How to Get the Greatest Tax Advantages by Donating Money to Charity
Since Hurricane Katrina hit the Gulf Coast, Americans have
donated $503 million in gifts and pledges to the American
Red Cross for the hurricane relief effort. More continues
to pour in each day, not only to the Red Cross but to other
relief organizations as well. These donations are of great
help and reassurance to the survivors, and, of course, this
is the primary reason for giving to charitable organizations.
However, as a donator you are entitled to certain tax advantages,
and if you don't know what they are, no one is likely to point
them out to you. Here are the basics you need to know.
You're generally allowed
to donate up to 50
percent of your adjusted
Which Charitable Donations are Tax Deductible?
Only donations to qualified organizations are deductible.
These include federal, state and local governments and organizations
organized and operated only for:
If you are unsure, the organization will be able to tell
you whether your donation qualifies for tax benefits. There
are some exceptions and rules to be aware of.
First, if you get merchandise, goods or services from your
contribution, you must subtract the fair market value of those
items from your deduction. For instance, if you buy a ticket
to a charity dinner for $150, and the dinner is worth $60,
you can only deduct $90. Also:
If you donate $250 or more, you must get a written receipt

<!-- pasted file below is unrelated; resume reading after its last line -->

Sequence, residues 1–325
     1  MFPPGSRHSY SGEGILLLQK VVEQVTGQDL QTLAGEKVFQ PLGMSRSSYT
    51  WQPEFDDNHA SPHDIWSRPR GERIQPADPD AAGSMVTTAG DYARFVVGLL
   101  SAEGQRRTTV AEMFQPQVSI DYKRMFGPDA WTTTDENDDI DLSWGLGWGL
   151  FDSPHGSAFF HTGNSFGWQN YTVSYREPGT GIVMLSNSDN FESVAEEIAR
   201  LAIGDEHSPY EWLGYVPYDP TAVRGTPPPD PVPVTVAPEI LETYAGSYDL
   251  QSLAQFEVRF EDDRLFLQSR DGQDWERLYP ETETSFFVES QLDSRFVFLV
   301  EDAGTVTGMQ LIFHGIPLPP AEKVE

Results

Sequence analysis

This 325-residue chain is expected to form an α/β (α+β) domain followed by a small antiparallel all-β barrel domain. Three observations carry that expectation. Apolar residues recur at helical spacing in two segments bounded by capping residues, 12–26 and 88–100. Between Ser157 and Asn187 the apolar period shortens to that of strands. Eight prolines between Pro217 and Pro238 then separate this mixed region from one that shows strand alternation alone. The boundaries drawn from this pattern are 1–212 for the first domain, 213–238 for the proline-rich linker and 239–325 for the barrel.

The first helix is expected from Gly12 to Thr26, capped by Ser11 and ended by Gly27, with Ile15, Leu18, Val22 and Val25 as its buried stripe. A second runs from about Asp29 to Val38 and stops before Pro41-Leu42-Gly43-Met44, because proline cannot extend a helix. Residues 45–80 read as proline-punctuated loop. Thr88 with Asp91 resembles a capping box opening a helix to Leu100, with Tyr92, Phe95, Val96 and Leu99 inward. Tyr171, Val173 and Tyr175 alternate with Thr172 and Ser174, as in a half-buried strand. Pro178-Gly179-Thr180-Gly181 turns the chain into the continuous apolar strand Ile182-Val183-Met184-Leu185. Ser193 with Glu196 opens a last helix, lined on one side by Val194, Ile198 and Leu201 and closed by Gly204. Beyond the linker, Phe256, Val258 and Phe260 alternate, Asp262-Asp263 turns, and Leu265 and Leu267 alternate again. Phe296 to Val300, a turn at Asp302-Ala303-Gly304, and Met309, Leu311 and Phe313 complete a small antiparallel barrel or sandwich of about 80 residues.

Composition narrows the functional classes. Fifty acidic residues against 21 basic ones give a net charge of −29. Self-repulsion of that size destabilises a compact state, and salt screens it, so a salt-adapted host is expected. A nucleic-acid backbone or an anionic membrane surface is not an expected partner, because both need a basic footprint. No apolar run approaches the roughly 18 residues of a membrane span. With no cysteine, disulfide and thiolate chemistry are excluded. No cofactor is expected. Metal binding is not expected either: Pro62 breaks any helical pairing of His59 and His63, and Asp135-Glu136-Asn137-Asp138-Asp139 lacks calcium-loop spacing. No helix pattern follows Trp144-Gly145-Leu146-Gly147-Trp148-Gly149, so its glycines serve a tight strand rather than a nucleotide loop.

in order to deduct it.
When claiming property donated to charitable organizations
(clothes, furniture, household items, etc.) you can only
deduct the price the item would sell for at a garage sale,
flea market or thrift store (not what you paid for it).
If your non-cash property donations exceed $5,000, an
appraisal is generally necessary for it to be claimed.
Qualified Organizations for
The following are some organizations recognized by
the Internal Revenue Service (IRS) as eligible to receive
tax-deductible charitable contributions, but there are
many, many more out there. For a complete list, see
the IRS' Publication 78.
- Alive on the Lakeshore (Muskegon, MI)
- American Living Memorial to the Holocaust
Museum of Jewish Heritage (New York, NY)
- Carmelo Parent Organization (Carmel, CA)
- Carmen Friends of the Library Inc. (Carmen,
- Children's Christmas Store (Saginaw, MI)
- Children's Circle of Hope Foundation (Mineola,
- Fairburn Community and Historical Society
- Florida Pollution Control Association Inc.
(Winter Park, FL)
- Impact Children Foundation (Chicago, IL)
- Animal Welfare Association (NJ)
- Animal Friends (PA)
- Angel Flight Central (MO)
- American Hospice Foundation (DC)
- Johns Hopkins University (MD)
- Lance Armstrong Foundation (TX)
- League for Animal Welfare (OH)
- National Prostate Cancer Coalition (DC)
- The Nature Conservancy (VA)
- The Sierra Club Foundation (CA)
What About Donating Your Car?
Since the American Jobs Creation Act of 2004, there are new
2005 rules for donating your car to a charitable organization.